Most pharmacy tech education programs cover:
- Privacy laws and ethics
- Recordkeeping in a medical setting
- Pharmaceutical calculations and techniques
- Medical and pharmaceutical terminology
- Preparing insurance claims
Soft Skills and Personality Traits
Many of the people you’ll communicate with in your role as pharmacy technician will be unwell or vulnerable. Given that, it’s extra important to consider whether you’ll be able to provide warm, considerate, and empathetic care in response to difficult circumstances or challenging behaviors.
The people who will find the role of pharmacy tech most rewarding tend to be compassionate by nature and have a strong desire to help others.
You will also need strong communication and organizational skills – given the importance of keeping accurate records of stock – and the regular tasks of speaking with customers, doctors’ offices, and pharmacists.
Depending on your state or employer, you may need to pass a standardized certification test from one of two different certifying institutions. These include:
- The Pharmacy Technician Certification Board (PTCB), a nationally accredited certification board that offers training resources, certification testing and renewals for pharmacy techs.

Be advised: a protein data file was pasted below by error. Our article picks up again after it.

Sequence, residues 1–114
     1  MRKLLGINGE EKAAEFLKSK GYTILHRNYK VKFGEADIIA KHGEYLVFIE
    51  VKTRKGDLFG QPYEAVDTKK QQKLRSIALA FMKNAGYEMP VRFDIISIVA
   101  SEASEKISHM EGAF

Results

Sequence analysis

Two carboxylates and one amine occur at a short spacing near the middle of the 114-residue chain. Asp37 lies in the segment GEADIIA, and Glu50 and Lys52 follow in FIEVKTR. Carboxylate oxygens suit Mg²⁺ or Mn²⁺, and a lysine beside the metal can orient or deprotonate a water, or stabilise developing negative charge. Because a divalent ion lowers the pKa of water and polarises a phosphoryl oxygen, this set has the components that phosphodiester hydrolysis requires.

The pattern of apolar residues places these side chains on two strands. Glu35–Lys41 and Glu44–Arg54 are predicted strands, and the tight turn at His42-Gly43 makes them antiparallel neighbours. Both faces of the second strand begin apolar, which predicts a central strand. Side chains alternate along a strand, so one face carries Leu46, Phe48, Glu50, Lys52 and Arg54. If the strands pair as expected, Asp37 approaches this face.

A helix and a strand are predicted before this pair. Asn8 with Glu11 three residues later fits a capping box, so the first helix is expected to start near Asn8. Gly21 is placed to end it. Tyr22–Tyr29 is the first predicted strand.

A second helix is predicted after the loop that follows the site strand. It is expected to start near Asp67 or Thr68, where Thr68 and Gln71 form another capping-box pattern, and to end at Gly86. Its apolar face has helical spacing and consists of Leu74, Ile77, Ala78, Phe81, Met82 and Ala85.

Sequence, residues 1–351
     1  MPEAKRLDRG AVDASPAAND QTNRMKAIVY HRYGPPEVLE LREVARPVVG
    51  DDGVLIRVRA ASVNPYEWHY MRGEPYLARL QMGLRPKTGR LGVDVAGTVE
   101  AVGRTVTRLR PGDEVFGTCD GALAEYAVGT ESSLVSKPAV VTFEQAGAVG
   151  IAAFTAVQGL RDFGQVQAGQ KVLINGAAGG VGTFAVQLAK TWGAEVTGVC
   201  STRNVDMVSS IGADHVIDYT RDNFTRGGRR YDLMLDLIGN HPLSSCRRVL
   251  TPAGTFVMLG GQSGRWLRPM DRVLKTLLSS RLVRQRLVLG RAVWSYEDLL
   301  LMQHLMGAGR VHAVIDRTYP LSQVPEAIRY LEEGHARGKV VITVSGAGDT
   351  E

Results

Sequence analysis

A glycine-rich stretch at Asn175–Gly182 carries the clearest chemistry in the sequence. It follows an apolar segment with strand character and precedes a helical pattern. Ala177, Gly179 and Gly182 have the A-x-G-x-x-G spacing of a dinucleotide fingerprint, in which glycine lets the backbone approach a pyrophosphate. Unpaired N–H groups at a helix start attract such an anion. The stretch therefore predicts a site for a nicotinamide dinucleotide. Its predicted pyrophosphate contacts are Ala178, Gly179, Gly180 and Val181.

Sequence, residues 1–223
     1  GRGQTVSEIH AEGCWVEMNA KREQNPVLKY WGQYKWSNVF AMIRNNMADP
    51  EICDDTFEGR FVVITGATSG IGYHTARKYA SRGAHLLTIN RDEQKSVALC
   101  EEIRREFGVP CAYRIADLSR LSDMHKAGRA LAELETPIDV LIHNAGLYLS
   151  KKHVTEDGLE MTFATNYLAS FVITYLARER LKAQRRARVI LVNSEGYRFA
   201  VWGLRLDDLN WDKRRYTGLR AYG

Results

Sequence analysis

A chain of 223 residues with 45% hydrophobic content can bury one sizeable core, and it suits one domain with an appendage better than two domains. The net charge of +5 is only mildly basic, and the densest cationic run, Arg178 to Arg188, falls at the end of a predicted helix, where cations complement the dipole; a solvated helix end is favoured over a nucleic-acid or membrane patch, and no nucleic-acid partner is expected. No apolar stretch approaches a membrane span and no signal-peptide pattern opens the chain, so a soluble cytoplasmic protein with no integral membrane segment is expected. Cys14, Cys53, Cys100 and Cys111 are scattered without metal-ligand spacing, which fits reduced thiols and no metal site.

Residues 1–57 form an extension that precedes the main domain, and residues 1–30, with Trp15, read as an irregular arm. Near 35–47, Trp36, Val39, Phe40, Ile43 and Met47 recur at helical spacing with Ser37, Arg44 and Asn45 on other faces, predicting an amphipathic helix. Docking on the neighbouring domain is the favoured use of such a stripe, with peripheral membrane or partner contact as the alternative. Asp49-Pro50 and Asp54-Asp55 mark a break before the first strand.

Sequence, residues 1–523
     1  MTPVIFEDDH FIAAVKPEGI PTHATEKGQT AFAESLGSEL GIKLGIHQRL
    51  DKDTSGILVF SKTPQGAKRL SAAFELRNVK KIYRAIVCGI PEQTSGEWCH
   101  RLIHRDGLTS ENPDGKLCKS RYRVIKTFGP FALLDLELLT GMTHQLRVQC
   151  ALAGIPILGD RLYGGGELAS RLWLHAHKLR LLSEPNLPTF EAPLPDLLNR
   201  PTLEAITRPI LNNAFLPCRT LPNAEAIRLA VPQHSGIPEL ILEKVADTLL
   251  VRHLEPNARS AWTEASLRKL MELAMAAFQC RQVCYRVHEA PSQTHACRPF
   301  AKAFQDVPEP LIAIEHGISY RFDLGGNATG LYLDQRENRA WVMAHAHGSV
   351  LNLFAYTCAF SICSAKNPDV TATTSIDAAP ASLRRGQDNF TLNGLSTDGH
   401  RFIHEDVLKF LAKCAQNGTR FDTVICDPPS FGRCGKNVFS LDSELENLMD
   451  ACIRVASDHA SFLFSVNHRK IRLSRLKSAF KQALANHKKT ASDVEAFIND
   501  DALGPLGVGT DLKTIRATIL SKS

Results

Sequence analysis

- The CPhT test from the National Healthcareer Association. This organization offers certification in several medical fields, including pharmacy technician.
There’s rarely been a better time to start on the path to becoming a pharmacy technician. Due to the increasing number of elderly people in the US population and rising levels of Americans taking prescription drugs, people with these skills have never been more in demand.
The Bureau of Labor Statistics projects a 7% job growth for pharmacy technicians through 2028, which is higher than overall job growth in the US.
When you pursue a career as a pharmacy tech with UMA, you’re opening the door to a growing occupation within the healthcare field. Enjoy plenty of advancement and learning opportunities, as well as the chance to help people every day as a pharmacy technician.